The world is still trying to wrap its head around the Delta COVID strain, so the news about a new, potentially even deadlier, Omicron strain is not something people were ready to deal with.
When and where was it discovered?
The first reports of a new COVID strain B.1.1.529, called “Omicron,” came from the authorities of South Africa on November 24, 2021. South Africa had three huge spikes in morbidity, the last of which was caused mainly by the Delta variant of the coronavirus. But in recent days, there has been a sharp outbreak of infections, which coincided with discovering a new strain.
The WHO has already stated that the new guy on the block can spread even faster than its predecessors. The Center for Disease Prevention and Control has assessed the potential threat of the Omicron in EU countries and changed it from high to very high.
So far, this strain has been found in Botswana, Hong Kong, Australia, Belgium, Great Britain, Canada, Denmark, Germany, Austria, Italy, the Czech Republic, the Netherlands, France, Sweden, Portugal, Israel, and Japan. About 70 countries have already imposed travel restrictions in response to the spread of Omicron.
The running theory about the origin of this mutation is that its source may be a patient with a weakened immune system who was not completely cured of the previous COVID strain. So the virus that has been living in that person’s body mutated, gaining new symptoms.
According to preliminary data, Omicron is accompanied by moderate and somewhat atypical symptoms of coronavirus, like fatigue and heart palpitations. In addition, the infected may experience a fever and body ache, but the loss of smell and taste is atypical for this strain. It was reported that the patients had no complications, and the new symptoms are more common in young patients than in the elderly.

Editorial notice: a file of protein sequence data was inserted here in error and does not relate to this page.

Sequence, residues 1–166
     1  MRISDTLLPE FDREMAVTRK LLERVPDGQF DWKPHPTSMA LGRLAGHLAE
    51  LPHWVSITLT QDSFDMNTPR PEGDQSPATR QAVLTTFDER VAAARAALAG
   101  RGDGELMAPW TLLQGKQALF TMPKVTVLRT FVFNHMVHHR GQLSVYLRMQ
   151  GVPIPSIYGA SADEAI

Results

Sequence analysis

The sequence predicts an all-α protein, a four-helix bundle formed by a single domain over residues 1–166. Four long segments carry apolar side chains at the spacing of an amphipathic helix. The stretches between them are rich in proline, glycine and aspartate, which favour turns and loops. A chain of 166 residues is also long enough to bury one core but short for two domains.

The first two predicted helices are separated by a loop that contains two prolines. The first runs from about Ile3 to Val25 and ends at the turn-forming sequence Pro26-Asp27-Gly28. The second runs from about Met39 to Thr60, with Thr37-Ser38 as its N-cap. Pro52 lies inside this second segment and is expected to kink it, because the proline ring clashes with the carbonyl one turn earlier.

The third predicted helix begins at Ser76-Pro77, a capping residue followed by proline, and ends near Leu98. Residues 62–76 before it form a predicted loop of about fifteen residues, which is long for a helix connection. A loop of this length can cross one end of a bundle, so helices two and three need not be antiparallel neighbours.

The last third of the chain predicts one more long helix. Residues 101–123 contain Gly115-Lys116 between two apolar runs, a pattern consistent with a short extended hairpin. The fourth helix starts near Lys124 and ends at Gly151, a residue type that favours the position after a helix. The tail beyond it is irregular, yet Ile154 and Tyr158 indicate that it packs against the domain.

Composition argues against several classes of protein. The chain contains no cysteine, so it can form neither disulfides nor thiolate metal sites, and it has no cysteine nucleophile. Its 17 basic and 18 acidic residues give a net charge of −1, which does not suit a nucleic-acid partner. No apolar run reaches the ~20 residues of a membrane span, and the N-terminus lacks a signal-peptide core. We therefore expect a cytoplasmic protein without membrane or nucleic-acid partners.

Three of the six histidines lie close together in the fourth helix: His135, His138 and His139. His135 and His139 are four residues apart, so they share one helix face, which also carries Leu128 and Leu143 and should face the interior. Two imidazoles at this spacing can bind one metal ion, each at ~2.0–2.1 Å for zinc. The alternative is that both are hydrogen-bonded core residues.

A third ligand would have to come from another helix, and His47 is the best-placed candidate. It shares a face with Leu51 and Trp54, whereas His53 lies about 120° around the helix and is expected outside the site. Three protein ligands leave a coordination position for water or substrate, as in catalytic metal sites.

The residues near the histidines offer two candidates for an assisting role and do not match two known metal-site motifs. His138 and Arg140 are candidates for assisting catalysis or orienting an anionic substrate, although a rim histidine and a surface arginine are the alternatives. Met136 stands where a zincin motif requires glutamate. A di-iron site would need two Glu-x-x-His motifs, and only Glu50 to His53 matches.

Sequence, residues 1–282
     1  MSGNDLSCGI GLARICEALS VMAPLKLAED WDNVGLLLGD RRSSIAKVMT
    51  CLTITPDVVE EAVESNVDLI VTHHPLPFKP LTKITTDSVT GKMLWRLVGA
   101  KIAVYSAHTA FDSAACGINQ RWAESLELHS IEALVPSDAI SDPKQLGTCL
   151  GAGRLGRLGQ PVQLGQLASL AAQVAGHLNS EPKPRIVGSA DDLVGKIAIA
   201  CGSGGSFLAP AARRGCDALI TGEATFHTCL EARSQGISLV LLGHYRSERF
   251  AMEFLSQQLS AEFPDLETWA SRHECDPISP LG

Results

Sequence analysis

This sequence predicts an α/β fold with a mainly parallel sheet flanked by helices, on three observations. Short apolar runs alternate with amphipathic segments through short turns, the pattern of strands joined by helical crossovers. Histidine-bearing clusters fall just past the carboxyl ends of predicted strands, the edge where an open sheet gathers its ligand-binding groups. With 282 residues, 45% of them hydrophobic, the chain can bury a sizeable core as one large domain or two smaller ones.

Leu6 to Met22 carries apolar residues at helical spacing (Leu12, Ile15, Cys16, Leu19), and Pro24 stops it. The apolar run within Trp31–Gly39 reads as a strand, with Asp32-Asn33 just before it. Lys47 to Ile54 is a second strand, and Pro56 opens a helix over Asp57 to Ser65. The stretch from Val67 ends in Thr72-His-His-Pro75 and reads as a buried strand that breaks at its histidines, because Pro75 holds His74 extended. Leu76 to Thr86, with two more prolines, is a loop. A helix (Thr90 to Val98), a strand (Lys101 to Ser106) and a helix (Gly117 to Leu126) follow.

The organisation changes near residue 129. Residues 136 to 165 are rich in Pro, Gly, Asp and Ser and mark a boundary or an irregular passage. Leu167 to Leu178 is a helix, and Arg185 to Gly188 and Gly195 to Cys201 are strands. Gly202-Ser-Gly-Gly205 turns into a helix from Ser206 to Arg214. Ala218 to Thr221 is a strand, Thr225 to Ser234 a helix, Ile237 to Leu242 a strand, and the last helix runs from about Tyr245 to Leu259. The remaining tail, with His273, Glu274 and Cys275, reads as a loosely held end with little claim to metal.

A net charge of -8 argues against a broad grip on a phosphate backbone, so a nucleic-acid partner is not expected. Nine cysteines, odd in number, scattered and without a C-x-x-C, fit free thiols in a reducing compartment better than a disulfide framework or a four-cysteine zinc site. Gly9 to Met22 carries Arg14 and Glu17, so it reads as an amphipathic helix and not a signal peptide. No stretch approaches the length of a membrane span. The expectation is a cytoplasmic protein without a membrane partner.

Even though the new COVID strain has not yet been fully studied, there are several factors that cause concern. Omicron has a large number of new mutations. For example, a mutation known as N501Y makes the virus more contagious, and with each new iteration, the spread of infection increases even further. In addition, some data suggest that people who have previously suffered from COVID-19 may be more easily re-infected with the new strain.
Are vaccines still effective?
The short answer is — “we don’t know.” The WHO is currently examining whether Omicron has any resistance to the available vaccines, but they are positive that getting vaccinated will still, at the very least, give you better chances at fighting COVID without dying.
The leading vaccine developing labs, Moderna, AstraZeneca, and Pfizer, have announced that they are working on a new batch that should be ready within the next three months. They’re also developing strategies to battle potential new strains which will inevitably come out because idiots refuse to vaccinate.
Either way, a new and improved modified vaccine against coronavirus may be available in early 2022, and that’s a good thing.